Mr. Costas, I implore you to dig deeper, to look beyond the juleps, hats, and horns, for that is racing on but a handful of days, at a tiny fraction of tracks. The rest of it, Racing’s very core, is ugly and mean. It’s spirit-crushing isolation and confinement for over 23 hours a day (which, by the way, makes a mockery of the industry claim that horses are born to run, love to run); it’s needles and syringes and injury-numbing chemicals; it’s absolute control and utter subjugation – lip tattoos, nose chains, metal bits, and leather whips; it’s anxiety and stress (in the most detailed FOIA documentation I have received to date, the Pennsylvania ’16 report indicated the presence of ulcers – most extensive to severe – in virtually every one of the dead horses); it’s buying and selling and trading and dumping; it’s shattered limbs, imploded hearts, head trauma, and pulmonary hemorrhage; it’s kill-buyers and transport trucks, shackles and butchers’ knives. It’s exploitation and cruelty. It’s suffering and death.

Football may indeed be embarking on a slow, steady decline, and it’s probably just as well. For it is a violent, unforgiving game, with many of the participants’ lives forever altered. But in the final analysis, they, as fully-autonomous human beings, have a choice. Horses do not. In fact, and pardon the inflammatory language, the racehorse is but a simple slave – a thing to be used, a resource to be mined. When future generations cast a critical eye, what is to be our collective defense? That we countenanced the above for entertainment? For gambling? Mr. Costas, your position on football has changed – evolved. We ask only that the same thoughtfulness and caring that went into that be applied to “The Sport of Kings.” Please, for the horses.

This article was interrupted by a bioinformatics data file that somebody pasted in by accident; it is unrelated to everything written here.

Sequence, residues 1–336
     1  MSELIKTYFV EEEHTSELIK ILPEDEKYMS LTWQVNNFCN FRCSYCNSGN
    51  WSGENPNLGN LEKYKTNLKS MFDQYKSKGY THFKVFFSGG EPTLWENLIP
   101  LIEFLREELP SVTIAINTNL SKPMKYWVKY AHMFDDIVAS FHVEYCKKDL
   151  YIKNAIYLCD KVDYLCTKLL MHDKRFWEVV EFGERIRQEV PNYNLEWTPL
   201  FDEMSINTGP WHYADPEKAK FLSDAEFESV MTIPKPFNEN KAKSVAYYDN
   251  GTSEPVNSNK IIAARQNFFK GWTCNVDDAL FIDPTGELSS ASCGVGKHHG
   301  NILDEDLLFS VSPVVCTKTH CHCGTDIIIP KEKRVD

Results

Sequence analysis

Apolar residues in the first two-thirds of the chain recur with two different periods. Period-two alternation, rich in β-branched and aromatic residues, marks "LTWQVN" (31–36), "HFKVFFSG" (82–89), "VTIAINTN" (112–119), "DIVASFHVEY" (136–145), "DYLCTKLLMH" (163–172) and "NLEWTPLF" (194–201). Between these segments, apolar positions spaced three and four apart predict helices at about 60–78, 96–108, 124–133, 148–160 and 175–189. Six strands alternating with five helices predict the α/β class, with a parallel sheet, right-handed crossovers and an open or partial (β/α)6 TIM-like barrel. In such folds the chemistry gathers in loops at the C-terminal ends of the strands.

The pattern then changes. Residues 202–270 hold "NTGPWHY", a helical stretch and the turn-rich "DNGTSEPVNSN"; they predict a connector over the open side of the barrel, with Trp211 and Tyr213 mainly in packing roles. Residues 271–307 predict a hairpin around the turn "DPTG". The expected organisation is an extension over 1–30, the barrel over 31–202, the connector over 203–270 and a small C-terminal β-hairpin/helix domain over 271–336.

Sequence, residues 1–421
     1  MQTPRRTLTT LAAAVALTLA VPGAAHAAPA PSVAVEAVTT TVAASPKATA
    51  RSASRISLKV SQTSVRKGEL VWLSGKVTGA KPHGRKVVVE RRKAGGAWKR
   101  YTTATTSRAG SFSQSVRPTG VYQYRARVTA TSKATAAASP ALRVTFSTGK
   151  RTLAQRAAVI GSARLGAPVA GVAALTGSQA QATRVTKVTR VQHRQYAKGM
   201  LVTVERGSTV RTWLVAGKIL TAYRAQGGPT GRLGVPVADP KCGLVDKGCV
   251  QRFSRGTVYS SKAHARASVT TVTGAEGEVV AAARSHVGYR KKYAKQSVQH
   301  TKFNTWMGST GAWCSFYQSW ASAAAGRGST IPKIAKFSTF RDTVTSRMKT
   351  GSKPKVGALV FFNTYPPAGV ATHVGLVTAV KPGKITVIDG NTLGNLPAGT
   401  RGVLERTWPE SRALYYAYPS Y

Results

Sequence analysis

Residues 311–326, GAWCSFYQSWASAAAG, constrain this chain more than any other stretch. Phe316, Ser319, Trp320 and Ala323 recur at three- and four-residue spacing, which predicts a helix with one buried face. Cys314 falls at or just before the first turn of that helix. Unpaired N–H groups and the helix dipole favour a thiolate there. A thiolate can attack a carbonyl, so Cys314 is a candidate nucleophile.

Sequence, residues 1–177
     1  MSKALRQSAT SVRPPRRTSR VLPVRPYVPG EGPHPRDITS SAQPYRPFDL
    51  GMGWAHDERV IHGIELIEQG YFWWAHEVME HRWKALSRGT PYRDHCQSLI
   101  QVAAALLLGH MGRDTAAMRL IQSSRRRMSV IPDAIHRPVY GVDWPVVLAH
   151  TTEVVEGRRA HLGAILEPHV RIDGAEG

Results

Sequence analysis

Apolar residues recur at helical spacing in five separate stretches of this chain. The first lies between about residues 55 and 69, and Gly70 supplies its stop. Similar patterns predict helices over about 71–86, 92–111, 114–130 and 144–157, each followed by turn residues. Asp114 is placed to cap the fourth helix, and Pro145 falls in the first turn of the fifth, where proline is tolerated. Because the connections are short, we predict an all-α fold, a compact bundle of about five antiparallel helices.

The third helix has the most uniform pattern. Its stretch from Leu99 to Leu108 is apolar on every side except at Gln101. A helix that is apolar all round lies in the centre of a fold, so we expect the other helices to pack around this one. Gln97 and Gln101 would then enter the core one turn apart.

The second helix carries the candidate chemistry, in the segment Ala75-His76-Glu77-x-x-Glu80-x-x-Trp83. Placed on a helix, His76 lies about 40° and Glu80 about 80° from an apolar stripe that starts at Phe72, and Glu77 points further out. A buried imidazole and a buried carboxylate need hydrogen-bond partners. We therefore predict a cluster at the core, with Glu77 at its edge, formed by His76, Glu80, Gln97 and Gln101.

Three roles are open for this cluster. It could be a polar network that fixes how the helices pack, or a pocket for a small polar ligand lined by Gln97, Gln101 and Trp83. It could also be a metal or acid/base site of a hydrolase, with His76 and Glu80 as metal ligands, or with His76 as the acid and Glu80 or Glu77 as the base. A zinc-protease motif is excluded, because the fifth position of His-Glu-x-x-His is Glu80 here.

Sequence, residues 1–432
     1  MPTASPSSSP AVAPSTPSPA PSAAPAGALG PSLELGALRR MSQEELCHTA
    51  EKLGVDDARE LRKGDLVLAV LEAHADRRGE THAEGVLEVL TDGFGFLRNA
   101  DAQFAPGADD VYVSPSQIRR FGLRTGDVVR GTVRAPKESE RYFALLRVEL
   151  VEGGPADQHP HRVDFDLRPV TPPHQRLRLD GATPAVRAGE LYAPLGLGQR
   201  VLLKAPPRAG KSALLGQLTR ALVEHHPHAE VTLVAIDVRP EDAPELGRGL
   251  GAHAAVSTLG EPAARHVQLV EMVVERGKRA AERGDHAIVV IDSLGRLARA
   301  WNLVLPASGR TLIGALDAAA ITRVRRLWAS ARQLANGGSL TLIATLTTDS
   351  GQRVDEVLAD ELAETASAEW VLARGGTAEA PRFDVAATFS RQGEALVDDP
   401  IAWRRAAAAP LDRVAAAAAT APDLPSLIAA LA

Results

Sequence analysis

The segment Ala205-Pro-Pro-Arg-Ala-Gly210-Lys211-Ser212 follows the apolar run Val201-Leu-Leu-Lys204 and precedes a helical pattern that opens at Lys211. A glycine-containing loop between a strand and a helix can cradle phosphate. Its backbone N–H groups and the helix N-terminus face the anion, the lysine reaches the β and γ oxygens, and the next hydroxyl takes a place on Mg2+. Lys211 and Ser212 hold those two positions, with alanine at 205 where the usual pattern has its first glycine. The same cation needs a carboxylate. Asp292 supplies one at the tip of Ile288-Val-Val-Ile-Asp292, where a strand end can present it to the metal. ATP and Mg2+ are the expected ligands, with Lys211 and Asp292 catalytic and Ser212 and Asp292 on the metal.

Patrick Battuello
Founder/President, Horseracing Wrongs


Eight Belles falls to her chest as she fractures both front legs after crossing the finish line in the 2008 running of the Kentucky Derby.
Eight Belles falls to her chest as she fractures both front legs after crossing the finish line in the 2008 running of the Kentucky Derby, May 3, 2008. (click to enlarge)

10 years ago today Eight Belles died at Churchill Downs. ESPN wrote this:

Eight Belles crossed the wire 4 3/4 lengths behind favorite Big Brown. Then, with the second-largest crowd in Derby history still whooping it up, Eight Belles collapsed with two broken front ankles.

The magnitude of what happened was slow to reach the fans at Churchill Downs. Not only was a horse down, but it was the filly. And horse racing — with the memory of Barbaro still fresh and the death of a horse coming only a day earlier on Kentucky Oaks Day — had to confront grief one more time.

“There was no way to save her. She couldn’t stand,” trainer Larry Jones said. “She ran an incredible race. She ran the race of her life.”

And this . . . .

“Everyone breathed a big sigh of relief that everyone came around the track cleanly and then all of a sudden it happened,” said Dr. Larry Bramlage, on-call veterinarian.

That last statement sums it up doesn’t it? They “breathed a big sigh of relief that everyone came around the track cleanly . . . ”

Horse racing expects injury. Horse racing expects catastrophic injury. Horse racing expects death.

That’s horse racing. You bet. They die.

Please share far and wide. For the horses.

Quote Source:

Litany of Death: Racehorses killed at Pennsylvania racetracks in 2015

Racehorse tied in stall.

Patrick Battuello tracks the deaths of racehorses at racetracks across America at I get notifications in my inbox and am continually shocked at the atrocities that happen on a regular, dare I say, daily basis.

As you sit here reading this, no doubt racehorses are being cruelly handled, punched, bullied and abused with a laundry list of legal and illegal drugs — including injury masking drugs — before they are taken to a racetrack where they may easily die.